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Here’s what area experts say about ‘Dry January’

Non-alcoholic beverages are gaining steam in the market. Here’s why and who’s buying them.

So much so, it’s leading non-alcoholic beverages to gain steam in the market. Prominent retailers are getting in on the trend, too, with non-alcoholic beer options such as Budweiser Zero, or non-alcohol wine.

DeKALB – Local experts say people have been starting the New Year on a positive note by eliminating alcohol from their diet.

So much so, it’s leading non-alcoholic beverages to gain steam in the market.

It is all part of a monthlong campaign dubbed, “Dry January,” that encourages people to examine their drinking habits and abstain from using alcohol.

Bridget Garrelts, licensed clinical professional counselor and the addictions team lead at Northwestern Medicine Kishwaukee Hospital in DeKalb, said it’s easy to pinpoint why people are taking their participation in the campaign so seriously.

“I do think it’s a small timeframe,” Garrelts said. “It’s one month. It gives people the opportunity to make some changes and to try something new. I think it’s a manageable goal for people to set around that time of year where people do want to set some goals. So, I think that is probably helping to drive a lot of the popularity.”

The trend has gained steam over the past couple years, as more national grocer chains offer more alcohol-free options, including wine, beer or zero-proof even spirits. Chains such as Walmart, Hy-Vee, Meijer, Jewel-Osco, Amazon and Costco also sell alcohol-free alternatives, some with entire shelves devoted to the beverages.

According to Nielsen IQ, a global consumer data collector, desire for alcohol free drinking options grew significantly as the COVID-19 pandemic settled in. U.S. non-alcoholic beverage sales grew by 20.6% between August 2021 and August 2022, coming in at $395 million, the data shows. Alcohol free beer made up the majority, with $328 million in sales, non-alcoholic wine about 13.4% of sales and alcoholic spirits at 1.3%, or $5 million in sales.

Data shows younger consumers such as Millennials and Generation Z are less interested in drinking alcohol than previous generations, according to Nielsen IQ.

Reports put out by Current Dietary Guidelines for Americans recommend those who consume alcohol should do so in moderation, about one drink per day for women and two per day for men, The Associated Press reported. Experts say people who tend to drink consume more.

There are a number of health benefits to taking part in Dry January and reducing one’s alcohol consumption, such as sleeping better, having more energy, decreased weight and improved blood pressure, Garrelts said.

One’s mental health, however, may feel worse at the beginning.

“But when alcohol or any other drugs are completely out of their system, then they may start to feel better,” Garrelts said. “If they don’t, then that may indicate that there is a mental health condition potentially.”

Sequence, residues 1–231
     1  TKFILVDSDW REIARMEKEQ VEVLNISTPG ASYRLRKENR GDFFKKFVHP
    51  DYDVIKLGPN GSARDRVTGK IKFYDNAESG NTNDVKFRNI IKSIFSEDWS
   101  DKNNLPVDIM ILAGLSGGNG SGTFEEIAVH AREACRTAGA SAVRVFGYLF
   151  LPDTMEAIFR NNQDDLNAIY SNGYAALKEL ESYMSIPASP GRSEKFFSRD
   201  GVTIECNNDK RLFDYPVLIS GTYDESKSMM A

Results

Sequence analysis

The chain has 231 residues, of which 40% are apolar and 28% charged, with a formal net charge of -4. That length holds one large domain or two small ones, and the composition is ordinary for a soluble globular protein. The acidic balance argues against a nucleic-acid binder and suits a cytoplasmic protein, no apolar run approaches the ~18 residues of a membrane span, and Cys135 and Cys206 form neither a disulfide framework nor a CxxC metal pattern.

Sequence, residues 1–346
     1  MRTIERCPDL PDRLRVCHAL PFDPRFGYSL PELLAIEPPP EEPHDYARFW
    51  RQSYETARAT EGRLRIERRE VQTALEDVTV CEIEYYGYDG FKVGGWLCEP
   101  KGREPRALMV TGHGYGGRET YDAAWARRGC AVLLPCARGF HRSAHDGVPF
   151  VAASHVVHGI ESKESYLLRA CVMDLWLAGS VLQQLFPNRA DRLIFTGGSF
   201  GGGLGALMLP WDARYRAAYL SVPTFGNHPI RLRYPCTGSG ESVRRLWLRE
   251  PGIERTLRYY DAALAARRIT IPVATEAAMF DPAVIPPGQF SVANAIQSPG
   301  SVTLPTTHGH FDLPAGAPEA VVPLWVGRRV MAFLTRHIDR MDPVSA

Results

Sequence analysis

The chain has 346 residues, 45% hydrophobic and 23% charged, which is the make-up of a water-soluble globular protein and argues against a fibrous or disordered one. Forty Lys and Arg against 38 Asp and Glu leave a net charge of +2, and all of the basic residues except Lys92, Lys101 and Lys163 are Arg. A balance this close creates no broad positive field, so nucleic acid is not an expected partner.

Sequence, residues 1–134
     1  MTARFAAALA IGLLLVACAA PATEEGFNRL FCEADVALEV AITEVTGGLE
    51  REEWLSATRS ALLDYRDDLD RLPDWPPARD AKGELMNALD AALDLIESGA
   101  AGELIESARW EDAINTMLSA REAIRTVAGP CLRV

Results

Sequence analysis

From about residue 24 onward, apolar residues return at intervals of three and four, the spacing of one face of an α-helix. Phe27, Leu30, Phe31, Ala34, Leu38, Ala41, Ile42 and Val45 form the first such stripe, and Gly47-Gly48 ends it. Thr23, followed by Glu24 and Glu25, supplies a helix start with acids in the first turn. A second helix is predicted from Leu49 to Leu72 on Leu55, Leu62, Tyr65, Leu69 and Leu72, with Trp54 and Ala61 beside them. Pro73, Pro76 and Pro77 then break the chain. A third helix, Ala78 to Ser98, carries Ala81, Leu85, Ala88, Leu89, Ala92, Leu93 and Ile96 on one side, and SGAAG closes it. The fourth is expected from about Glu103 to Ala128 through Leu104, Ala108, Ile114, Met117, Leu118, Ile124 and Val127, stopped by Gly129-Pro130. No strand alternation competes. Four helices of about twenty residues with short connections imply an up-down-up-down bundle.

Garrelts pointed to people with certain mental health conditions, saying they may benefit greatly from participating in Dry January.

“I think a lot of times there’s crossover with mental health and substance use,” she said. “It’s not always clear what happens first. But I think if somebody has an underlying mental health condition and they stop using substances they might recognize that there is that underlying mental health issue still going on. … If they haven’t noticed much of an increase in their overall mood, then maybe that would be a good time to seek out therapy to try to go through that journey and kind of see what’s going on.”

Dr. Robert Glovsky, an internal medicine specialist at Northwestern Medicine Regional Medical Group, said women are more likely to reap the benefits from participating in Dry January than men.

“Alcohol is absorbed at a little bit higher concentration in women,” Glovsky said. “They may take a little bit longer to metabolize it. Drinking the same amount as a man, a woman can become more impaired than a man. … I wouldn’t say that men don’t get any benefit from Dry January either. Obviously, they do as well. But women would be just a little more at risk just because of their chemistry.”

Garrelts cautions people who are taking part in Dry January from turning to other substances.

“We’d want to be careful from replacing one substance with another substance because that could continue if there is an addiction problem,” Garrelts said. “A lot of times we see in addiction therapy that when someone stops using one substance and uses another that the addiction continues no matter what the substance is.”

Glovsky pointed to people with health conditions such as diabetes and cancer as likely to benefit from reducing their alcohol consumption.

He stressed that alcohol has a tendency to make medications less effective.

“A lot of times medications are broken down by the liver,” Glovsky said. “If your liver’s not functioning properly, it can interfere and either keep higher levels in your body or not make them work as good. Certain medications would be potentially dangerous to people that are on lots of medications or drinking.”

Garrelts said she doesn’t believe alcohol’s standing in society as a popular go-to substance for many will be upended.

“I do think alcohol is very popular because it’s legal and it’s very commonly used, which I think is also with marijuana gaining a lot more popularity with the legality that has changed with marijuana,” she said. “I often encourage people to remember that just because something is legal doesn’t necessarily mean that it’s safe.”